Welcome to my Blog

It mostly covers my work as UNISON Scotland's Head of Policy and Public Affairs although views are my own. For full coverage of UNISON Scotland's policy and campaigns please visit our web site. You can also follow me on Twitter. I hope you find this blog interesting and I would welcome your comments.

Wednesday, 16 May 2018

Care integration - lessons from Wales

Delivering better health and care integration is a challenge in all parts of the U.K. and internationally. We should try and learn from experiences elsewhere, and I was in Cardiff today contributing to the Cymru/Wales UNISON seminar on the issue.

Wales faces similar challenges to Scotland - austerity and Brexit. The Welsh health minister told the conference that reform should be about better ways of delivering services, not just about saving money. They have had a parliamentary review of care integration that has made recommendations for going forward and a new government plan will be published soon.

The minister was not convinced that big structural change was the way forward, but he was in favour of better partnership working between health and local government. There are good examples of integrated system change locally that can be scaled up nationally. He was strong on the need to engage staff in finding solutions - making it a formal part of the system. As he put it; "Motivated staff are much more likely to do a better job."

Wales has similar problems to Scotland with fragmented domiciliary and residential care, many of which are struggling. The minister said better commissioning and standards had to be part of the solution. He recognised the need to increase funding and they are looking a levy to specifically fund the increasing cost. Something that hasn't really been part of the debate in Scotland.

The research report launched at today's conference highlights a very complex picture of care integration in Wales. Words like 'partnership', 'integration' and 'seamless' service are used, and abused, with means often confused with ends. As in Scotland, the driver is collaboration not competition, but that has its challenges around trust and power. Previous reports have been critical of progress and they have similar problems with short term funding initiatives rather than increasing core funding. 


The core of the report is three case studies on integration. 

The Bridgend approach shows real improvements in outcomes like unscheduled care and long term placements. Anticipatory care is key to preventing inappropriate admissions and building trusted relationships between staff.

Monnow Vale in Monmouthshire is a good example of how locality based health and social care hubs can work. Staff are co-located, they talk to each other and staff are empowered to find solutions that work locally. This is an approach that we should do much more of in Scotland as recommended by the Social Care Commission. It resulted in a more welcoming approach for users and greater continuity of care - creating a relationship with the carers. Trade union involvement in designing services and getting pay and conditions right was important in building trust in working together and redesigning home care.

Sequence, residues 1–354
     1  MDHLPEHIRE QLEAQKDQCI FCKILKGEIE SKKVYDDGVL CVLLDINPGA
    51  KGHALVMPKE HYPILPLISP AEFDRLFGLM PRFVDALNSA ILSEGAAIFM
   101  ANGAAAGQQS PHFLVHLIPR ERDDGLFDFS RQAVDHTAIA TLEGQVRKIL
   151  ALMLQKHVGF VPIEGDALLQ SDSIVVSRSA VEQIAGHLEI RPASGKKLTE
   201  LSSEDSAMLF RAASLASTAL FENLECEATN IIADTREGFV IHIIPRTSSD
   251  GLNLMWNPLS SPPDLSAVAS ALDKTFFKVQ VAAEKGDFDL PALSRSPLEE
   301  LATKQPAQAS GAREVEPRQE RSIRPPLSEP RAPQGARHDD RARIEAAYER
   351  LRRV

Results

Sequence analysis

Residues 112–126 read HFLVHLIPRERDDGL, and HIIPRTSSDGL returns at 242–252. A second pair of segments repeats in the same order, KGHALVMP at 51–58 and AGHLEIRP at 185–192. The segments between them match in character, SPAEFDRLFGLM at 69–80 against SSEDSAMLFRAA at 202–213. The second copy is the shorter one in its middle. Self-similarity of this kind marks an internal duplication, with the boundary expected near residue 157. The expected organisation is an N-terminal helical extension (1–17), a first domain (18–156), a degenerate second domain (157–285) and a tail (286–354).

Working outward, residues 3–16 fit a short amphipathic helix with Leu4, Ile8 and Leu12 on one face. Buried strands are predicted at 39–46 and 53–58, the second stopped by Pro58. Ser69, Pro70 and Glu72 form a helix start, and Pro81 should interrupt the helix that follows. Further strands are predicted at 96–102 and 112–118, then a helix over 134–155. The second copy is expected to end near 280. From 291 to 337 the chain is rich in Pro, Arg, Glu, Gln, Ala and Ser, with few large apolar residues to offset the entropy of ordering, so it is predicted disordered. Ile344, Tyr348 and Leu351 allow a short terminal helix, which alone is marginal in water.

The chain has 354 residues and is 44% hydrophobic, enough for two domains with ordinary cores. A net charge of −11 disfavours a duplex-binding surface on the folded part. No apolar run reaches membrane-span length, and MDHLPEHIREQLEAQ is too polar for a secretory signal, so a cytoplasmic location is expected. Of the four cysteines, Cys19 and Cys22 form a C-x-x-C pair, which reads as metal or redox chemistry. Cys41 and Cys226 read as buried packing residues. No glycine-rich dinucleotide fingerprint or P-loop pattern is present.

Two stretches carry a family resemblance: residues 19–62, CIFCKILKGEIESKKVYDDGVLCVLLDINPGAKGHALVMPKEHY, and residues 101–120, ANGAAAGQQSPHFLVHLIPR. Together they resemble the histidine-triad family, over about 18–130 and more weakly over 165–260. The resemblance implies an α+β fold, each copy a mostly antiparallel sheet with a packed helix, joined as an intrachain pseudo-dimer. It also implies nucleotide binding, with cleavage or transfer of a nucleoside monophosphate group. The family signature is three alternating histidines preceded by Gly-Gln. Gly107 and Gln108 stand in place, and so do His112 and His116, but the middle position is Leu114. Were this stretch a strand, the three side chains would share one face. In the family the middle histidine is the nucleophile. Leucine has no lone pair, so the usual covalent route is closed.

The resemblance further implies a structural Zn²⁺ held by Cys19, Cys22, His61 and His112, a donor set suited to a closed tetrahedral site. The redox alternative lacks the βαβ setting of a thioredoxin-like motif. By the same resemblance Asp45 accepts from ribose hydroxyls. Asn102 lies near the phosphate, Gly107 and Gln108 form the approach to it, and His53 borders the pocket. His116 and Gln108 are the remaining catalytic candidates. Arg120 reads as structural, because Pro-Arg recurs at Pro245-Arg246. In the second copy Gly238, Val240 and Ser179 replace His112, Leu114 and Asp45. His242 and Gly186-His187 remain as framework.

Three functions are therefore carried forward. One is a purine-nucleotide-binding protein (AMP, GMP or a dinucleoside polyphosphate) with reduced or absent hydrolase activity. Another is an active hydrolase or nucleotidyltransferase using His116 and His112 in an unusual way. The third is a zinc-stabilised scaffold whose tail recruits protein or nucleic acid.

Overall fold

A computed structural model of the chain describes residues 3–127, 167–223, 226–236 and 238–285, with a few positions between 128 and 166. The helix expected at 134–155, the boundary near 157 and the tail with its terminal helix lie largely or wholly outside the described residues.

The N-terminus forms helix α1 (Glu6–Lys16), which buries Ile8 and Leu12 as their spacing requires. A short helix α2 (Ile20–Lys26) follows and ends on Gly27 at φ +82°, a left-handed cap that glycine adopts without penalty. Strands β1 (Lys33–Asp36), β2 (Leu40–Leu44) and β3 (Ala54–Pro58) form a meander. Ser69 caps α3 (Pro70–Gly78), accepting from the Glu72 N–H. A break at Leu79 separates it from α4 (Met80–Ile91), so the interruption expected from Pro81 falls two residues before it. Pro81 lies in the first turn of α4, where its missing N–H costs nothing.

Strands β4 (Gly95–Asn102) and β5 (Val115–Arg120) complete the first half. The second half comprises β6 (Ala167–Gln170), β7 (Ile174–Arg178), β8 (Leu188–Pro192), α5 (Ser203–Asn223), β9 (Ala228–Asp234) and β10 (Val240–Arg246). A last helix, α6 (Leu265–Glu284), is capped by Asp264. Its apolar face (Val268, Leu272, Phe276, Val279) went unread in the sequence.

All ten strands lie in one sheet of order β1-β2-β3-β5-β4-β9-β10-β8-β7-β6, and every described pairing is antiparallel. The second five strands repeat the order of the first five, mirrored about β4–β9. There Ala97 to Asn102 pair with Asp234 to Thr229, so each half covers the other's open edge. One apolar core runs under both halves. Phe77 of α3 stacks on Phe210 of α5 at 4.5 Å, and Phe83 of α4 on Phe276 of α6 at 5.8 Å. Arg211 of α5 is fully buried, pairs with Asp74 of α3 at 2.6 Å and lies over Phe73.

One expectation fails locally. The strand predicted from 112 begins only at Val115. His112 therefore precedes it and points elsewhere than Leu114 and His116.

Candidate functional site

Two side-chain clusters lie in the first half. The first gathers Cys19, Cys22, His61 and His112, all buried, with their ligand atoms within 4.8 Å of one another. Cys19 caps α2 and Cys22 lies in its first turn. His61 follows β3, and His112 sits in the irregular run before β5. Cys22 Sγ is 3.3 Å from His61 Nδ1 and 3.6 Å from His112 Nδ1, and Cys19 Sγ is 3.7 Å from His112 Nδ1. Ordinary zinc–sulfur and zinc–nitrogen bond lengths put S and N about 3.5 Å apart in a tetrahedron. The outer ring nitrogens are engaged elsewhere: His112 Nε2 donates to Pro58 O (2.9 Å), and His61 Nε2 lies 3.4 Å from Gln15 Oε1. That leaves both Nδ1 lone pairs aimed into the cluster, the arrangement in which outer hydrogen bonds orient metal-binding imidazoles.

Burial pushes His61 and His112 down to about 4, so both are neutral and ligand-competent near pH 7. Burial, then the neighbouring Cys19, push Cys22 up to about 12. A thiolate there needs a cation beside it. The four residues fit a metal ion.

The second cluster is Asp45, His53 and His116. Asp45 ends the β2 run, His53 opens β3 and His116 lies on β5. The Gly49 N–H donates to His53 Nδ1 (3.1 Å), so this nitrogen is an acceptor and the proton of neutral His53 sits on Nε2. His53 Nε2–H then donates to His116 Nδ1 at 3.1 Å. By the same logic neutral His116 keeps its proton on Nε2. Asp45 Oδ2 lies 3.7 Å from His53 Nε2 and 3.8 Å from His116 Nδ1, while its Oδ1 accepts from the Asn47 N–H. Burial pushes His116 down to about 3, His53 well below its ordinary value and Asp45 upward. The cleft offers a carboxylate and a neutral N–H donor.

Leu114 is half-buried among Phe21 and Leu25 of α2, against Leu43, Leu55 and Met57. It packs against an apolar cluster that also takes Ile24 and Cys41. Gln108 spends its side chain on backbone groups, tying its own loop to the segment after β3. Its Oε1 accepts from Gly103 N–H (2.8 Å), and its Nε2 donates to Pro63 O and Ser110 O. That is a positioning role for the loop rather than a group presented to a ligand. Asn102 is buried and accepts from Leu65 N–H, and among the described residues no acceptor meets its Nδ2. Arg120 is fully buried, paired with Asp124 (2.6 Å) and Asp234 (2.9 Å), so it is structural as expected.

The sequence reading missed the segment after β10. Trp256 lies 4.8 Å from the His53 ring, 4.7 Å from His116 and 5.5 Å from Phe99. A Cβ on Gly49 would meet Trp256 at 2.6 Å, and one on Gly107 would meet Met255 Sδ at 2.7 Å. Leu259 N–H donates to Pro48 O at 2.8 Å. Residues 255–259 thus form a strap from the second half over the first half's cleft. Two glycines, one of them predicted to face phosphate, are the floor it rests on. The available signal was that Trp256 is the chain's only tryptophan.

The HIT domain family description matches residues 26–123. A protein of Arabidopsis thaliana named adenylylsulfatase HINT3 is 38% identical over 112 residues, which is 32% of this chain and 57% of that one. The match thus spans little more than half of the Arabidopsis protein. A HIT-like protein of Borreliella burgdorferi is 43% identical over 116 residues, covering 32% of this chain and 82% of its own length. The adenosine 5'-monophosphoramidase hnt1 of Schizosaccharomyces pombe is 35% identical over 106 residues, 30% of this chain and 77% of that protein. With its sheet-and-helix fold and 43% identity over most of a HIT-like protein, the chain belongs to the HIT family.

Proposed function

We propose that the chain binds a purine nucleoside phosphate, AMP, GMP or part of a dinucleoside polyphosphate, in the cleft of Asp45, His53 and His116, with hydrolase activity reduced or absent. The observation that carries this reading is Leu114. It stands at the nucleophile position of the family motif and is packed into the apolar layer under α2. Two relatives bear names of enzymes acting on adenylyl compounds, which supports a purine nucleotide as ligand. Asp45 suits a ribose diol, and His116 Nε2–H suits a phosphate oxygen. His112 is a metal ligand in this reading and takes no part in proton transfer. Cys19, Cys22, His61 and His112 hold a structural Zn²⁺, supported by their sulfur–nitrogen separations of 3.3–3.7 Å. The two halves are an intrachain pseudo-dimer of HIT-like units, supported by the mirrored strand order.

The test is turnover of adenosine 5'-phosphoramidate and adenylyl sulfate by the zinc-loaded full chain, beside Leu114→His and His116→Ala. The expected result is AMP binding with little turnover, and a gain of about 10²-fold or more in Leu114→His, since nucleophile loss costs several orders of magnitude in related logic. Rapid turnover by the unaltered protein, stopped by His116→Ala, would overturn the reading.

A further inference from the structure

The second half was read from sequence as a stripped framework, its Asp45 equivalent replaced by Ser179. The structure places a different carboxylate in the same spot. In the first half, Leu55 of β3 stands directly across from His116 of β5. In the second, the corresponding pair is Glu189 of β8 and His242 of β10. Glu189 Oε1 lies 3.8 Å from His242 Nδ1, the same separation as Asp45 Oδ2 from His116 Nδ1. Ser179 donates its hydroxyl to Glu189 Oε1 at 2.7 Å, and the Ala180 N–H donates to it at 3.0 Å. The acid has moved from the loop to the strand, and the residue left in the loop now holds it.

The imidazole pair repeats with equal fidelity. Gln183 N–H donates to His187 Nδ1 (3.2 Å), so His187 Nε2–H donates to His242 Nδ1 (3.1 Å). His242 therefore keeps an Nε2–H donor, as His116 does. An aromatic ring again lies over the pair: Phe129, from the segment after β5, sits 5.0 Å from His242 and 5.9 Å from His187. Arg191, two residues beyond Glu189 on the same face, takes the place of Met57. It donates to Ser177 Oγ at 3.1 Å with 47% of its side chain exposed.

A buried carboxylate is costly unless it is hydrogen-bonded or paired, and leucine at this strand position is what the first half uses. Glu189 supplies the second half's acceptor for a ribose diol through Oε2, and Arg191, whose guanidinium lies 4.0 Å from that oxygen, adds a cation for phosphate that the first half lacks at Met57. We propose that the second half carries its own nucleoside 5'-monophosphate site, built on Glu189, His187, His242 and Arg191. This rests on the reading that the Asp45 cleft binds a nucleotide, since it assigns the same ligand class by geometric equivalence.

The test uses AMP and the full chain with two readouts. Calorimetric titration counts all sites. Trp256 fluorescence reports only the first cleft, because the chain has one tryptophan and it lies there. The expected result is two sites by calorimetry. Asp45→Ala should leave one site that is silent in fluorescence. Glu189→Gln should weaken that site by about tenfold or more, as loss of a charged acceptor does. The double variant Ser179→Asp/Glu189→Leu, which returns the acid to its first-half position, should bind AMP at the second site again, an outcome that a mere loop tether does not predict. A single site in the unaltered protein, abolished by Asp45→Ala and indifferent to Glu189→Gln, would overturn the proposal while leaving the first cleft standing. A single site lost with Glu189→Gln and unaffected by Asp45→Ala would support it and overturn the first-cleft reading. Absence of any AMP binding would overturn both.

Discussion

Ynys Mon (Anglesey) case study is an example of enhanced dementia service using a residential home as a base to integrate services with community health staff. It was obvious that staff had a real sense of ownership, being engaged in service design from the outset.

The parliamentary review, independent of government with a cross-party reference group, pulls some of this together. They recognised the case for change is compelling, but it hasn't always compelled action. Amongst ten key recommendations, it makes the case for co-location of staff, a focus on outcomes (what they call the Quadruple Aim) and a recognition that staff are a key element in service delivery. It is not about restructuring, it's about effective implementation of a seamless service across all services.

In my presentation I set out the lessons from Scotland's experience in health and care integration. Many different models have been tried, but it is still work in progress. Demographic change places additional costs on an already underfunded service, particularly in the local government half of the process. In social care we have a hugely fragmented service that makes workforce planning very difficult. And of course there is always Brexit! We do have decent procurement frameworks, including the living wage, but councils put insufficient weighting on workforce matters and do very little monitoring of the quality of service delivery. 

My colleague from London, outlined developments in England. There is very little action on a national basis in England and just a few local initiatives. In essence it's a mess.

Finally, workforce regulation in Wales is following the Scottish model, with the phased regulation of domiciliary care staff. They have similar challenges in terms of recruitment and retention of social care staff.